Convicted mother's son left with lifelong medical issues
Special needs advocate: ‘I don't know that she understands'
SAN ANTONIO – Pamela Allen listened intently to a foster mother describe the lifelong medical issues facing a 22-month-old boy who as a newborn was found face down in a toilet at a VIA park and ride in 2015.
Having suffered brain damage due to a lack of oxygen, the boy can’t breathe on his own, he has a feeding tube, can’t sit, walk or crawl, among other serious problems, said the foster mother, who is also a pediatric home health nurse.
But she said he can vocalize if she puts a valve at the end of his breathing tube.
“You can hear him laugh or you can hear him cry,” she said.
Convicted Tuesday of injury to a child by omission resulting in serious bodily injury, the boy’s mother, Roseanne Welch, was sentenced to 15 years.
“I don’t know she understands that this is going to be 15 years of her life,” Allen said. “I don’t think she understands the injuries that the child sustained."
As the mother of a special needs son, Allen came to know Welch, who was 25 at the time, soon after she was arrested.
Allen is a special needs advocate and co-founder of Eagles Flights Advocacy and Outreach.
At one point, Allen obtained Welch’s school records, which Allen said showed she was in the special education program “from elementary school to junior high to high school.”
“I think 15 years is very harsh. I think the life sentence she put on her son is very harsh,” Allen said.
District Attorney Nico LaHood, the father of a special needs child himself, said Welch had intellectual challenges and learning disabilities.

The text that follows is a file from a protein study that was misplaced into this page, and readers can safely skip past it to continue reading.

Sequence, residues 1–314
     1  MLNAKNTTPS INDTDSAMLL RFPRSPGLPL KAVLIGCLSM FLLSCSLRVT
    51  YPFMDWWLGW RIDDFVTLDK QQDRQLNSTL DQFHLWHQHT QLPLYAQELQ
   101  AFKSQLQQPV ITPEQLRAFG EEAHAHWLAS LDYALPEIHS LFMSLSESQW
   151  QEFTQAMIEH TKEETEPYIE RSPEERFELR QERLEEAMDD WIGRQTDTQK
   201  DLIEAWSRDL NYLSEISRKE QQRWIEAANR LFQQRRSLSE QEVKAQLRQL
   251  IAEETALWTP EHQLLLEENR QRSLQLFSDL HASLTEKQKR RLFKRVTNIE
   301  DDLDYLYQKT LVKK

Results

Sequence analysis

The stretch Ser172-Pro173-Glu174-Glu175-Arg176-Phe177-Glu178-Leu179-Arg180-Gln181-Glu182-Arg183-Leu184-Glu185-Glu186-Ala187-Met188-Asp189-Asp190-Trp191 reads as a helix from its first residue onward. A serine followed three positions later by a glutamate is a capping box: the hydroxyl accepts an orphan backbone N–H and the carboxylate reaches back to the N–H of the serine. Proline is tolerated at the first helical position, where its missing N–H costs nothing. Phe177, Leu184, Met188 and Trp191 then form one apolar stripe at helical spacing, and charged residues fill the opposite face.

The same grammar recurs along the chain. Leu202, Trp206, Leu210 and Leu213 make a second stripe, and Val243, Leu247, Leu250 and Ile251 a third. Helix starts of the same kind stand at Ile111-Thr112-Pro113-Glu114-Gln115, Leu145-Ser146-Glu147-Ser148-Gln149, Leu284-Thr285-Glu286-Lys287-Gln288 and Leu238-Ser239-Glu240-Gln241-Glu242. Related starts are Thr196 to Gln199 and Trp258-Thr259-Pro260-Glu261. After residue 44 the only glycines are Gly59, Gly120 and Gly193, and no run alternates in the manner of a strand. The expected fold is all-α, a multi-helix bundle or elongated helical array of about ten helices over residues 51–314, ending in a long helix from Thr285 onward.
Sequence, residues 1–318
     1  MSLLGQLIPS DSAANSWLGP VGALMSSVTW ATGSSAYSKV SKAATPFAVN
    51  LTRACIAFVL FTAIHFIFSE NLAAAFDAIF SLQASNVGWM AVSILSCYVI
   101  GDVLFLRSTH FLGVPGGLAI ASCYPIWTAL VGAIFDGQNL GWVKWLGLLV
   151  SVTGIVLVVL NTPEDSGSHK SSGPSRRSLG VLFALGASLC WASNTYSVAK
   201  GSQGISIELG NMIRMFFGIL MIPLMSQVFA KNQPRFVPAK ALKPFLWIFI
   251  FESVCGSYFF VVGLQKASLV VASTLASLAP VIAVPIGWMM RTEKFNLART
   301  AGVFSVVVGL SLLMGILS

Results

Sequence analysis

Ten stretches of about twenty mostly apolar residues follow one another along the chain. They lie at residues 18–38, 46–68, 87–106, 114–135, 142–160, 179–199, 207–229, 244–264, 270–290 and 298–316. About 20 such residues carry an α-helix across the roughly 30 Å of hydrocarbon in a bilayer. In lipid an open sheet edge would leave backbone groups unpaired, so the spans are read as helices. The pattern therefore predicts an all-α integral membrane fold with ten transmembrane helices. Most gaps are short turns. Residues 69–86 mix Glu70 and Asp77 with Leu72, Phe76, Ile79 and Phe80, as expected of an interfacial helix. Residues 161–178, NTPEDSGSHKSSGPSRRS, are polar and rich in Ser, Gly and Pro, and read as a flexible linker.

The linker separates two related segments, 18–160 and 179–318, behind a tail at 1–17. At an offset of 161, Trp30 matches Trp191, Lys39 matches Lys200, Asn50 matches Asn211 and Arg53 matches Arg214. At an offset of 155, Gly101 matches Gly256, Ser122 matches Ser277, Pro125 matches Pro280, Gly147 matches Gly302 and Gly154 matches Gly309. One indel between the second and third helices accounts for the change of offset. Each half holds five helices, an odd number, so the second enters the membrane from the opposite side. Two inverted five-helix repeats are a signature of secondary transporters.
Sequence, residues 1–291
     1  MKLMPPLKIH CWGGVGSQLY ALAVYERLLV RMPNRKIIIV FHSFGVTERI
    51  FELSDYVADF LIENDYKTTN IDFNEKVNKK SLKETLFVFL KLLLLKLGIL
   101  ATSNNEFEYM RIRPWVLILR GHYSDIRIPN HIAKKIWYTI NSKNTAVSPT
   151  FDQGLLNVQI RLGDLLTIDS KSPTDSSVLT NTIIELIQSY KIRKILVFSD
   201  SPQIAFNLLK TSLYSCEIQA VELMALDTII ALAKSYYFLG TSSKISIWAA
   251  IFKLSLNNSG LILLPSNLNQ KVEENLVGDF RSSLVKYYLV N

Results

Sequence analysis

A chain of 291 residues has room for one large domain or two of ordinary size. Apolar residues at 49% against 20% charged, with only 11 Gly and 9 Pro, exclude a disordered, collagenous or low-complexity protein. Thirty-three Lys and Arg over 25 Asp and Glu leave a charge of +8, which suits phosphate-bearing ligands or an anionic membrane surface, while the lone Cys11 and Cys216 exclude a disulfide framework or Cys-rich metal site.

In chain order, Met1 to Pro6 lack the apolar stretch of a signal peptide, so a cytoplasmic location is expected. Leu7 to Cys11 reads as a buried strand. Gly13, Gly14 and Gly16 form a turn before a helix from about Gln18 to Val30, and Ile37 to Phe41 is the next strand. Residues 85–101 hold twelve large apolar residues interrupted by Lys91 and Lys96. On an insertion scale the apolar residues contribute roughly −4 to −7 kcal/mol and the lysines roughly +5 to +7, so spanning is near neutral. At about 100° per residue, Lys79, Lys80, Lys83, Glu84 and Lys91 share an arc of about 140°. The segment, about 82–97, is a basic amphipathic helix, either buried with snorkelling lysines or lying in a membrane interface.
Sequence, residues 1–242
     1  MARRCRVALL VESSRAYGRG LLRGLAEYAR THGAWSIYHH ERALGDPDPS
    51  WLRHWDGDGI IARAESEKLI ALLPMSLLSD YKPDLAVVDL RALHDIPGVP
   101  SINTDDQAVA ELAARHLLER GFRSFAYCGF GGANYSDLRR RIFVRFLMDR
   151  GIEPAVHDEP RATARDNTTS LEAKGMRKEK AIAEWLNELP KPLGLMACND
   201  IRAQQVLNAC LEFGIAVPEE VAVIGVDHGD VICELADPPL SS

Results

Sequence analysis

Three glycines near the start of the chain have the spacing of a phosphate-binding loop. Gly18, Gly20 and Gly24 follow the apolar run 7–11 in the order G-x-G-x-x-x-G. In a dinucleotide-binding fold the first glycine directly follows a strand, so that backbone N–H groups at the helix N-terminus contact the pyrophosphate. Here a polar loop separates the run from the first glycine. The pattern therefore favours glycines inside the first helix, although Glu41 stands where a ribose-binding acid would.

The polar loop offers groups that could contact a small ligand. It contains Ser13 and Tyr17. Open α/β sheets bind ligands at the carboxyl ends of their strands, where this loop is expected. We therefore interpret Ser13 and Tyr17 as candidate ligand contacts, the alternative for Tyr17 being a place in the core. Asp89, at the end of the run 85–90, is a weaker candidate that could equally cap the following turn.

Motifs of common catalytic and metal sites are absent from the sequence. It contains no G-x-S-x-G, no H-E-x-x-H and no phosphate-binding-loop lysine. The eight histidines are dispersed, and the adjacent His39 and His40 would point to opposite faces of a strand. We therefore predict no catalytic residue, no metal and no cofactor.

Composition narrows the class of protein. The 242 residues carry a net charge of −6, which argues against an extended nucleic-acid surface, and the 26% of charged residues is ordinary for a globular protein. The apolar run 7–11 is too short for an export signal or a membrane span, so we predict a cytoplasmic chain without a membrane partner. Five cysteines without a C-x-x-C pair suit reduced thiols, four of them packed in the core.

However, his prosecutors determined Welch had “functional intelligence.”
“We know she lied multiple times to cover this up and that tells me and others that she knew the difference between right and wrong,” LaHood said. “That’s my gauge there.”
He also said Welch was found to be competent and sane at the time she gave birth then abandoned the newborn.
LaHood said taking into account Welch’s mental capacity, instead of facing five years to life in prison for the first degree felony, she was allowed to apply for community supervision despite objections by prosecutors. But the judge gave her 15 years behind bars.
“A cap of 15 was more than just under the circumstances,” LaHood said.
Allen said she isn’t trying to justify any of Welch’s actions.
She said some will say, “‘Look at what she did to this baby. She deserves everything she gets.’ I understand that. I’ve buried babies who’ve been abandoned and abused. I understand that feeling, but there is a story behind this mother as well.”
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